Joanne Heming identifies as a Bougainvillian/North Solomon Islander and as British, and is fluent in Tok Pisin and English. She lives and works in Cairns.
She has always loved music and when growing up her father was never without a guitar in his hands. She enjoyed music in school and sang in the choir all through high school. However, it was not until 2012 that she undertook formal study in music, completing Certificates 3 and 4 at Tropical North Queensland TAFE in Cairns.
About her song-writing, Joanne Heming says: “I write, sing and perform because I believe my songs resonate with each and everyone who hears them in one way or another. You never know who is listening and what they are going through. So if I can help someone through the power of song, then I’ll keep writing, singing and performing”.
Bougainville Mona Cultural Festival
Bougainville is the largest island in the Bougainville Autonomous Region of Papua New Guinea. It is mountainous and forested with substantial rainfall. Geographically, it is part of the archipelago and ecological region of the Solomon Islands but politically part of Papua New Guinea.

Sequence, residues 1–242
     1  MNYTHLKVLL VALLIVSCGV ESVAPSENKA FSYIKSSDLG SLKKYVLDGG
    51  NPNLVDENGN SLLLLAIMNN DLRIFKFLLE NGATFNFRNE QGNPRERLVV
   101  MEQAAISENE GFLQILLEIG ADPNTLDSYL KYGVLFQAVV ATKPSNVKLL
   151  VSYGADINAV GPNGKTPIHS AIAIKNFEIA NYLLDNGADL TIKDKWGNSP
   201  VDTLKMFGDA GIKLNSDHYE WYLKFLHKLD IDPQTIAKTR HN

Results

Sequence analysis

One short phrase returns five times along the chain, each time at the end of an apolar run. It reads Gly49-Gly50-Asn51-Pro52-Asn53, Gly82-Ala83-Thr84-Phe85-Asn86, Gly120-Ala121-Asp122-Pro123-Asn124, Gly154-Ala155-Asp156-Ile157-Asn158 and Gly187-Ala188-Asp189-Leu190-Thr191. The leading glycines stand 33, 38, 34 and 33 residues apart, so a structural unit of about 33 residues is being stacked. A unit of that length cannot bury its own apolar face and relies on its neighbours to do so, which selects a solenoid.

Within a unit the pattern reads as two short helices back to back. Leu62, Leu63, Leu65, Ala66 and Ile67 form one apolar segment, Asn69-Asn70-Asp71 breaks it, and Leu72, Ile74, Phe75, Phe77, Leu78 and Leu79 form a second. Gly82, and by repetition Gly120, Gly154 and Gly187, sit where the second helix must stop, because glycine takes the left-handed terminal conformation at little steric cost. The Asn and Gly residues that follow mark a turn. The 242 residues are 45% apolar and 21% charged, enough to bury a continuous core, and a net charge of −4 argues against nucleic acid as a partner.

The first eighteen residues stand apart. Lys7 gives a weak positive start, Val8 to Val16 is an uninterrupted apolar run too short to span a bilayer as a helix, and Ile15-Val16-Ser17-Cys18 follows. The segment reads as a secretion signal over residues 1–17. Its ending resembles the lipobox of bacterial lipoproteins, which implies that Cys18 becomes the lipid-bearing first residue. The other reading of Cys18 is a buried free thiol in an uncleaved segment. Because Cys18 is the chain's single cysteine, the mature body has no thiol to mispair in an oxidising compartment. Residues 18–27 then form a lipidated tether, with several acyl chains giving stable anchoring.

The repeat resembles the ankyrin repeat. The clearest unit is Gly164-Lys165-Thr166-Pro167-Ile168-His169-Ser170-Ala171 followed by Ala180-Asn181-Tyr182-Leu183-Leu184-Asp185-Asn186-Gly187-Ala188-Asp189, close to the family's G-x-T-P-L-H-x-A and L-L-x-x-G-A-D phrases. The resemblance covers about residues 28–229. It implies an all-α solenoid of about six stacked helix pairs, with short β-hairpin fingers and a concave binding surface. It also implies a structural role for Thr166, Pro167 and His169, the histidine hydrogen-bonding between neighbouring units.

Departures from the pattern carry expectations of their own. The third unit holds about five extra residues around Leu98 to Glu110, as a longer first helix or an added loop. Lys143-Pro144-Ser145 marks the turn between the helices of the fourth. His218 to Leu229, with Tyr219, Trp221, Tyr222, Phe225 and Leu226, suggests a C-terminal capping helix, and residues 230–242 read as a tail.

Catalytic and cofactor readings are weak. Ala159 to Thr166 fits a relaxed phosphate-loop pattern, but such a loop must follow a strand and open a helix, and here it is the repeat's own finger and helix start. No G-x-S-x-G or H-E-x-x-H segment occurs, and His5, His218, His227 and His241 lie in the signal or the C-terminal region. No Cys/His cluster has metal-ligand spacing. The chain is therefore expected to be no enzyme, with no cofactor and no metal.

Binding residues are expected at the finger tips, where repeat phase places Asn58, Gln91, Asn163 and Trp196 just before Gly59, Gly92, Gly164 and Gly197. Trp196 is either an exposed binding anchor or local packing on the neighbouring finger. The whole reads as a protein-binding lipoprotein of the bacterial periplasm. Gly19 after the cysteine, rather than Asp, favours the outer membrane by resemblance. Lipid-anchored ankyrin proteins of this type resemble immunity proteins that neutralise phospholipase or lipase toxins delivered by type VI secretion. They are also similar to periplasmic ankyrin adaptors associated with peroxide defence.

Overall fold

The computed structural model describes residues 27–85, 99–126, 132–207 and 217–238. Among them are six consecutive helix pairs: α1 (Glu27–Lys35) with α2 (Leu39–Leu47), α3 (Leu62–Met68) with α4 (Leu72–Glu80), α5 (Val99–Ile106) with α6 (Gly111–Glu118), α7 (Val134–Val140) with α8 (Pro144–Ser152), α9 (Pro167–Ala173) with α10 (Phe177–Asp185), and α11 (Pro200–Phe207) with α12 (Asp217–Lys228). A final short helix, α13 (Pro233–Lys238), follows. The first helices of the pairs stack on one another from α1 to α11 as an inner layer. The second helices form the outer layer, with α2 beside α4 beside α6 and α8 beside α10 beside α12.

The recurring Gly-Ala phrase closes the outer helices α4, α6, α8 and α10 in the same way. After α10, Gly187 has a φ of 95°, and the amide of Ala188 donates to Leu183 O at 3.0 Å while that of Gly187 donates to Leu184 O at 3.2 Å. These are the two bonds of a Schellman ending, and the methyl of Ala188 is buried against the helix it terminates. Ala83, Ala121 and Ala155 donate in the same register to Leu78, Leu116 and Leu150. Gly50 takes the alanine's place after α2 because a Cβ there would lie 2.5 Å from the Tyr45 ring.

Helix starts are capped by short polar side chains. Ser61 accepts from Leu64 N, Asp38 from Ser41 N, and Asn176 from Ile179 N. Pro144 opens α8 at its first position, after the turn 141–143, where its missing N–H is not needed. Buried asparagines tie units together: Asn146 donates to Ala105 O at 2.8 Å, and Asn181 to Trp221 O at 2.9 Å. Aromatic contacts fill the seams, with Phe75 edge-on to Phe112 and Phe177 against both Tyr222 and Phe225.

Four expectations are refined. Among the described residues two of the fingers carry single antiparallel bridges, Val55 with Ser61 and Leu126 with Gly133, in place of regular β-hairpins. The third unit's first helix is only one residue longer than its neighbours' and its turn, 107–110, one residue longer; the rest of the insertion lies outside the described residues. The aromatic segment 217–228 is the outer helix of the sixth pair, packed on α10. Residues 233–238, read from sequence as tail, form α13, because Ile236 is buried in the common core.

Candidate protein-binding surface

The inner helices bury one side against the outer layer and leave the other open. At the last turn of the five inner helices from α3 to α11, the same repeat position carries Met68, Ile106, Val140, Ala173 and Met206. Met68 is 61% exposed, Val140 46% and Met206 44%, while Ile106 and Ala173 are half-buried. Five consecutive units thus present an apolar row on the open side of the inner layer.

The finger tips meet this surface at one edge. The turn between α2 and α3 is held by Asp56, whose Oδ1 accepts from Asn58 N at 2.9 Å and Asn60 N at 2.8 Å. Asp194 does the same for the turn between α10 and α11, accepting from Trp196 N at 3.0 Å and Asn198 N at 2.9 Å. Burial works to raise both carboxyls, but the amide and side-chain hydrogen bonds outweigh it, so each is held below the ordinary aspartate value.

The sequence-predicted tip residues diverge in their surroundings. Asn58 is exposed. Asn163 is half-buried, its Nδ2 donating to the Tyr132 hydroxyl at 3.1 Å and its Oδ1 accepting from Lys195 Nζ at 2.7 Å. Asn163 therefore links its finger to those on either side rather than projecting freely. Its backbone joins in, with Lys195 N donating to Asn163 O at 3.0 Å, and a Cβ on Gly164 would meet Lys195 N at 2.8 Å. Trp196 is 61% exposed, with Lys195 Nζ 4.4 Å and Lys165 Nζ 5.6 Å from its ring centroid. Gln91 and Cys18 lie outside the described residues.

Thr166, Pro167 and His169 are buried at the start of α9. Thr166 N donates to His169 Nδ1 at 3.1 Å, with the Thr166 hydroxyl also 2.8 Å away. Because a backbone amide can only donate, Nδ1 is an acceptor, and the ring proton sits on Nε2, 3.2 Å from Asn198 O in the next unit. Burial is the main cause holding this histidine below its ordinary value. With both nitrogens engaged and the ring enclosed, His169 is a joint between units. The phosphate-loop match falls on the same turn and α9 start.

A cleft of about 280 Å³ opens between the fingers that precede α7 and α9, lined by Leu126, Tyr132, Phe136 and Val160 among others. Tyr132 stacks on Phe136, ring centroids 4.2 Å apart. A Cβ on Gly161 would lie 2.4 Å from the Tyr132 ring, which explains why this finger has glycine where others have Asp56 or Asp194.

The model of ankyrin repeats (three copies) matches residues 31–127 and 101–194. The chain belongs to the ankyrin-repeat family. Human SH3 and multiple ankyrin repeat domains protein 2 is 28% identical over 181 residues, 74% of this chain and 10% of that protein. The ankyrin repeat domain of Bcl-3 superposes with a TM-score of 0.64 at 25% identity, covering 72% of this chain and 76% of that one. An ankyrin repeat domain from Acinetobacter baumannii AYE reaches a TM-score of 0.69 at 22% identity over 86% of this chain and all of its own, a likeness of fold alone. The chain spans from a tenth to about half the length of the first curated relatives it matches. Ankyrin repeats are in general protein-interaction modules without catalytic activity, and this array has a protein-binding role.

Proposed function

It has been inhabited for many millennia by Austronesian peoples, with the first European colonial contact by the French explorer Louis de Bougainville in 1768. At the turn of the twentieth century, it was within the German colonial empire as part of German New Guinea. During World War One it was occupied by Australia and was incorporated into the Australian Territory of New Guinea in the 1920s. During World War Two it was the site of fierce fighting between Japanese and Allied forces and after the end of hostilities Australia resumed control.
Bougainville was incorporated in 1949 into the Territory of Papua and New Guinea, but it mounted a bid for independence when Australia declared Papua New Guinea independent in 1975. However the goal of independent status failed to gain international recognition and in 1976 it and nearby Buka Island became part of Papua New Guinea, albeit with some provisions for self-governance.
Conflict arose over large-scale copper and gold mining activities by the multinational mining company Rio Tinto at the Panguna Mine, and the subsequent distribution of royalties. Therefore between 1988 and 1998 there was a civil war. It led to the loss of tens of thousands of lives and devastated infrastructure and social and cultural life because of the protracted hostilities and a wide-ranging blockade. Eventually, in 2001 a peace agreement was signed.
Language: Along with Indigenous languages, many Bougainvillians speak Tok Pisin as the main language of communication, with English also used as an official language for governmental and business purposes.